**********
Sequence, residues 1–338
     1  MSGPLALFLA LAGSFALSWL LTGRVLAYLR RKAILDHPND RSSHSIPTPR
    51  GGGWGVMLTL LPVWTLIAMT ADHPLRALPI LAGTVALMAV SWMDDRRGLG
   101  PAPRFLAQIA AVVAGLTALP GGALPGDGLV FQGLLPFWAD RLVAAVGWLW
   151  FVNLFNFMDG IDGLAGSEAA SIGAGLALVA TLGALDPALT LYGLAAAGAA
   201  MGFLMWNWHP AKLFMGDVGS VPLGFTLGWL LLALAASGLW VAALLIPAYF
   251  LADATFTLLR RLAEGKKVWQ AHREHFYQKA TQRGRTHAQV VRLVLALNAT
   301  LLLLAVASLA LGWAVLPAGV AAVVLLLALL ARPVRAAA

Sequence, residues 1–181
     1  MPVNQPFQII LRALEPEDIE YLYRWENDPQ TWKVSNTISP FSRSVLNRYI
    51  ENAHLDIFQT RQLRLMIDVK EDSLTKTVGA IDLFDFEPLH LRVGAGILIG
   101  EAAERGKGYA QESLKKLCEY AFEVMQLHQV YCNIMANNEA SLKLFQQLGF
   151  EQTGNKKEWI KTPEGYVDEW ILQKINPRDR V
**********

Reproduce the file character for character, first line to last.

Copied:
Sequence, residues 1–338
     1  MSGPLALFLA LAGSFALSWL LTGRVLAYLR RKAILDHPND RSSHSIPTPR
    51  GGGWGVMLTL LPVWTLIAMT ADHPLRALPI LAGTVALMAV SWMDDRRGLG
   101  PAPRFLAQIA AVVAGLTALP GGALPGDGLV FQGLLPFWAD RLVAAVGWLW
   151  FVNLFNFMDG IDGLAGSEAA SIGAGLALVA TLGALDPALT LYGLAAAGAA
   201  MGFLMWNWHP AKLFMGDVGS VPLGFTLGWL LLALAASGLW VAALLIPAYF
   251  LADATFTLLR RLAEGKKVWQ AHREHFYQKA TQRGRTHAQV VRLVLALNAT
   301  LLLLAVASLA LGWAVLPAGV AAVVLLLALL ARPVRAAA

Sequence, residues 1–181
     1  MPVNQPFQII LRALEPEDIE YLYRWENDPQ TWKVSNTISP FSRSVLNRYI
    51  ENAHLDIFQT RQLRLMIDVK EDSLTKTVGA IDLFDFEPLH LRVGAGILIG
   101  EAAERGKGYA QESLKKLCEY AFEVMQLHQV YCNIMANNEA SLKLFQQLGF
   151  EQTGNKKEWI KTPEGYVDEW ILQKINPRDR V